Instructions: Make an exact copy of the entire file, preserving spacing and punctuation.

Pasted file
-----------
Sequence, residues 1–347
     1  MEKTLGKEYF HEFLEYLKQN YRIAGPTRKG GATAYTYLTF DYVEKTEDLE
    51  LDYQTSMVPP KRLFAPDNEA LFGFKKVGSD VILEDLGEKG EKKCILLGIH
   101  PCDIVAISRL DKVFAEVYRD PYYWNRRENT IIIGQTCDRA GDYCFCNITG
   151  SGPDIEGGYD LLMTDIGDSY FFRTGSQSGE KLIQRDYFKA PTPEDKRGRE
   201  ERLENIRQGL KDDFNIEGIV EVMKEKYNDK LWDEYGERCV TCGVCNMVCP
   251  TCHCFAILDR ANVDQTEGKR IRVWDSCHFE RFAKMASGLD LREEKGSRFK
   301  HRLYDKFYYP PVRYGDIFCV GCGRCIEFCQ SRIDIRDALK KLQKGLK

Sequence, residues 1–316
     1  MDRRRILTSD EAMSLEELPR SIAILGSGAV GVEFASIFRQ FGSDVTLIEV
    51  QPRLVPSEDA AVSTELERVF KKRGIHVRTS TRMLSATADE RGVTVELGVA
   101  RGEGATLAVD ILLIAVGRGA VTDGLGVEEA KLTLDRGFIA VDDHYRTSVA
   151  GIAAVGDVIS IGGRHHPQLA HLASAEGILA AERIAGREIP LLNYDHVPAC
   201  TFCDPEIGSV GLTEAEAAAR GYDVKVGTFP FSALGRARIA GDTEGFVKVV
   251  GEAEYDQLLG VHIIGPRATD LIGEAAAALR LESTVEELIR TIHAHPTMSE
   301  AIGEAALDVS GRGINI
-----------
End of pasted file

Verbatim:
Sequence, residues 1–347
     1  MEKTLGKEYF HEFLEYLKQN YRIAGPTRKG GATAYTYLTF DYVEKTEDLE
    51  LDYQTSMVPP KRLFAPDNEA LFGFKKVGSD VILEDLGEKG EKKCILLGIH
   101  PCDIVAISRL DKVFAEVYRD PYYWNRRENT IIIGQTCDRA GDYCFCNITG
   151  SGPDIEGGYD LLMTDIGDSY FFRTGSQSGE KLIQRDYFKA PTPEDKRGRE
   201  ERLENIRQGL KDDFNIEGIV EVMKEKYNDK LWDEYGERCV TCGVCNMVCP
   251  TCHCFAILDR ANVDQTEGKR IRVWDSCHFE RFAKMASGLD LREEKGSRFK
   301  HRLYDKFYYP PVRYGDIFCV GCGRCIEFCQ SRIDIRDALK KLQKGLK

Sequence, residues 1–316
     1  MDRRRILTSD EAMSLEELPR SIAILGSGAV GVEFASIFRQ FGSDVTLIEV
    51  QPRLVPSEDA AVSTELERVF KKRGIHVRTS TRMLSATADE RGVTVELGVA
   101  RGEGATLAVD ILLIAVGRGA VTDGLGVEEA KLTLDRGFIA VDDHYRTSVA
   151  GIAAVGDVIS IGGRHHPQLA HLASAEGILA AERIAGREIP LLNYDHVPAC
   201  TFCDPEIGSV GLTEAEAAAR GYDVKVGTFP FSALGRARIA GDTEGFVKVV
   251  GEAEYDQLLG VHIIGPRATD LIGEAAAALR LESTVEELIR TIHAHPTMSE
   301  AIGEAALDVS GRGINI